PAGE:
Japanese learning tips

April 29, 2021 · 11 min read

Japanese

[Last updated 2021/04/03]

I’ve been asked “how I studied Japanese” a number of times and thought it would be worth documenting what I found useful.

Consider this a mixed bag of tips and tricks. By no means is this a full guide.

Who is this for?

People who are already learning Japanese and are thinking of moving to Japan (and living/communicating in Japanese). These are tips that’ll help get you to an “intermediate” level.


Why are you studying Japanese?

Seems like an obvious question, but I really think it’s worth thinking about. Learning a language in its entirety is super daunting and often unnecessary. In this case try I try to put things into MUST and WOULD BE NICE. The reality is that you’re an English speaker and that takes you pretty far no matter where you go in the world.

MUST:

WOULD BE NICE:

For myself, the obvious focus was on conversational Japanese and listening. Reading came secondary. To a certain extent they’re all necessary, but my reading is by far my weakest skill.

Also worth mentioning, I often understand words by seeing the symbols in my head which ties back to reading.


Study Tools

Anki (flashcard app)

Anki is a flashcard app and by far the app I’ve used the most for vocabulary and kanji. It’s not an app just for studying Japanese. People use it for all sorts of subjects. It implements a space repetition system, which in simple terms means you review the-cards-you-know-the-least frequently and the-cards-you-know-the-most less frequently.

You can make your own decks. You can download other people’s decks. You can sync with your computer, ios, and android devices.

anki

If you know anything about web, then you can also put HTML/CSS code into your Anki cards.

The iOS version is expensive ($25 USD), though I’ve used this app for literally tens if not hundreds of hours so it was justified.

Anki for kanji

For kanji I used NihongoShark’s kanji deck. It’s worth noting that NihongoShark has rebranded into NativShark or something. This article is SUPER long, but helpful on how to get started.

The important points for kanji learning are:

Anki for vocabulary

The steps here are similar to kanji. I would just say make sure to include example sentences and make your own decks.

Online Tutoring (Preply)

I’ve used sites like “preply” for online tutoring. It’s cheaper than you think and there are a lot of tutors. My tips are try a lot of tutors and that the more you bring into it the more you get out of it. If you’re expecting to find a tutor that’ll have a pre-determined course then I think what you’re expecting is more like a school. There definitely are tutors on Preply that just walk through a textbook, but I’d say skip that. Preply is great for conversation practice, for answering questions you’ve been having in your own studies, etc..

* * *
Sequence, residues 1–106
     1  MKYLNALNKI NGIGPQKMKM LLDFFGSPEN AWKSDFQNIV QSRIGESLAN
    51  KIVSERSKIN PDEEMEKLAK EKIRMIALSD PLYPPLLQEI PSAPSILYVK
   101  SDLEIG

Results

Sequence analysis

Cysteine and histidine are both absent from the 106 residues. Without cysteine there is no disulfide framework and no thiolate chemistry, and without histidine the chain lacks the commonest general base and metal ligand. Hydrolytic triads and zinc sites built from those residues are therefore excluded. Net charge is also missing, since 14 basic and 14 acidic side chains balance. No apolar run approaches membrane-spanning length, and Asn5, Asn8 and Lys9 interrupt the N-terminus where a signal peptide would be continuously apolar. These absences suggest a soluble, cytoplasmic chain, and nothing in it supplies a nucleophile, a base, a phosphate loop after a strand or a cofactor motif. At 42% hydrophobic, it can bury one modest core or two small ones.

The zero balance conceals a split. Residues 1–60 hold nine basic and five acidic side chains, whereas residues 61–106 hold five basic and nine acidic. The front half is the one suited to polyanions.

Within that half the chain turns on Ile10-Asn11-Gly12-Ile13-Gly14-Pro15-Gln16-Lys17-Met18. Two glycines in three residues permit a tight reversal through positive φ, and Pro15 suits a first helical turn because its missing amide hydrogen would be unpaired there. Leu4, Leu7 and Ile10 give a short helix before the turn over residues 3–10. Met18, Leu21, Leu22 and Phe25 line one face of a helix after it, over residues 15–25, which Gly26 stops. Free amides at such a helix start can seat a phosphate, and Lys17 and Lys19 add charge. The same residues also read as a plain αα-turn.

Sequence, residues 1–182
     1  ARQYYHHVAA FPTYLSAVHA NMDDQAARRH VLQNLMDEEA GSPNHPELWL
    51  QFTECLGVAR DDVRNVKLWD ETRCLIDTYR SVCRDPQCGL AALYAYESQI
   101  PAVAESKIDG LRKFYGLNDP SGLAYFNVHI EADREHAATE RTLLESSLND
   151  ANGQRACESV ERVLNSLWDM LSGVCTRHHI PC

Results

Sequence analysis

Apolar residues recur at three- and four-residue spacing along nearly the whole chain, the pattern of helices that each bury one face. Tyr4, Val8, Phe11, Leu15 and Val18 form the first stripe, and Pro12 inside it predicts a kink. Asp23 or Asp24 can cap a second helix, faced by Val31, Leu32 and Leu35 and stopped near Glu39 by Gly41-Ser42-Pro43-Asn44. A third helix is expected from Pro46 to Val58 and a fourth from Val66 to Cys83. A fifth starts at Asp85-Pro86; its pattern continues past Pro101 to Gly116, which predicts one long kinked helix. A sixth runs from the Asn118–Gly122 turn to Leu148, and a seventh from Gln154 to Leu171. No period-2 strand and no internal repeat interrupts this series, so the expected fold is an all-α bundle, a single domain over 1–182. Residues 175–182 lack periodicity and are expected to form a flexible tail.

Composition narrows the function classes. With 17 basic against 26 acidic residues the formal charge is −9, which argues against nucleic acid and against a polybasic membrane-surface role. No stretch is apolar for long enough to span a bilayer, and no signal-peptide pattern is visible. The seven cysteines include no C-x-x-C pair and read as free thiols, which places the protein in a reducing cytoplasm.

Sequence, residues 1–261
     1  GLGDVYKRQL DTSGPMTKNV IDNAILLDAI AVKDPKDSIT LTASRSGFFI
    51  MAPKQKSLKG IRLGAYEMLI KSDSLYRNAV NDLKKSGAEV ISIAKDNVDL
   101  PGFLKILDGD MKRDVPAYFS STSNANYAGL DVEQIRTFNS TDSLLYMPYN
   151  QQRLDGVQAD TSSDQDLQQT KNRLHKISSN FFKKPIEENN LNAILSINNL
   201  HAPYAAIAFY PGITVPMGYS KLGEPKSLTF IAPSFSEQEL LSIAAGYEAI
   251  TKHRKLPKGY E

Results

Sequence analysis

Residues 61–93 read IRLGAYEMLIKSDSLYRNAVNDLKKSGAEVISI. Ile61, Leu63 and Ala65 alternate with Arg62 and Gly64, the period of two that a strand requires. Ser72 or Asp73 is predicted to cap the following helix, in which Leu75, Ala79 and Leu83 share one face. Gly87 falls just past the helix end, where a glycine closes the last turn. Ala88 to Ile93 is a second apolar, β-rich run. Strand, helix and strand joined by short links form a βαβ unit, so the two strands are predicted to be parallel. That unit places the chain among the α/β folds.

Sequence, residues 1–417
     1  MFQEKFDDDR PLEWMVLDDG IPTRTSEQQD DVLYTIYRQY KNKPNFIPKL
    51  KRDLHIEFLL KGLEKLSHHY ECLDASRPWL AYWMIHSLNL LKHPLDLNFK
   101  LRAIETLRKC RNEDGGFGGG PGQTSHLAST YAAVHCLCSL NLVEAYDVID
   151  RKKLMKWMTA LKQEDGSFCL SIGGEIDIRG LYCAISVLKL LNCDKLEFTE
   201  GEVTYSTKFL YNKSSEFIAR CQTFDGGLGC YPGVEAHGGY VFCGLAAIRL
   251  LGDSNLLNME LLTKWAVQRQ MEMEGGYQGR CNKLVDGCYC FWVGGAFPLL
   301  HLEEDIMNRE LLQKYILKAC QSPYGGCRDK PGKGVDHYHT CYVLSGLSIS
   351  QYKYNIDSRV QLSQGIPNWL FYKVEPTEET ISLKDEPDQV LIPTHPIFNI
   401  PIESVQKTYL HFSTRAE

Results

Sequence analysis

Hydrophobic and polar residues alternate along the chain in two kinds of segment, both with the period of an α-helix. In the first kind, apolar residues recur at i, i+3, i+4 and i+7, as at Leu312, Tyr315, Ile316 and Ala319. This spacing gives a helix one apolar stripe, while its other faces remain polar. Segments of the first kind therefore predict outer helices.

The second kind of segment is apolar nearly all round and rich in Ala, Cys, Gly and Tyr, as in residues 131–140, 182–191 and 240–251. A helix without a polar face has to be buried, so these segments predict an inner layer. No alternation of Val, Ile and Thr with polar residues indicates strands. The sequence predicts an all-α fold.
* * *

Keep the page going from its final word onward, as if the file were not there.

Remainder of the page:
There are other online tutor tools out there! I just used Preply specifically.

Preply website

Dogen (pronounciation training)

I really think pronounciation is underrated when learning Japanese. It’s certainly not emphasized by any teachers I’ve encountered until later on. In fact you often hear that Japanese is flat and there really isn’t any pronounciation to learn. That is WRONG.

In my experience, if you get the pronunciation even a little bit right then people take you MUCH more seriously. This was certainly the case when I learned french and has been the case with Japanese too.

As early as possible it’s worth putting the idea in your head that there are pronouciation rules in Japanese. There are four main types (maybe 5?) you need to consider: heiban, nakadaka, atadaka, and .. well I’ve forgotten the names.

Once you know the rules are there, though, then you’ll naturally start to pay attention to pronouciation.

Dogen offers a paid course on Patreon. Basically you’re paying for access to all his videos (iirc you get a login for a Heroku app— for those reading this who are programmers). He’s done a really good job so I would suggest at least doing the first 10-15 videos. It’s actually really fun and you might end up doing more (there were well over 60 when I did it a few years ago).

At minimum, spend the time and learn what the pronunciation shapes are in Japanese. It’ll teach you about the origin of words, how to deal with particles, and just put this important idea in your head that intonation in Japanese exists.

Bilingual News (Podcast)

I love podcasts and this one is definitely one of my favorites. English and Japaense conversation that is not rehearesed and is about actually interesting topics like astronomy, psychology, science, pop-culture, etc.. It’s the most popular podcast in Japan (though podcast aren’t exactly super popular here). You can fill in the gaps using the English side. I also just find their conversations super interesting so I would listen even if it wasn’t in Japanese.

bl


General Advice

Choose wisely, but don’t make the JLPT some sort of pedestal. It’s not the hill you want to die on, trust me. I like the JLPT because it forced me to learn a bunch of vocabulary and grammar.

Conclusion

In my experience, with language learning there are TONS of great ways to waste your time studying things and still end up with nothing. BUT you also have to try some of the bad to know what’s good. If you’re serious about learning then you’ll have to actively commit. Having goals makes that a lot easier. Having a strategy is also important to reduce wasted time.

Be flexible.

Be adaptable.

Be patient.

Everyone learns differently, so adjust the recipe accordingly. Add salt when necessary.

comments powered by Disqus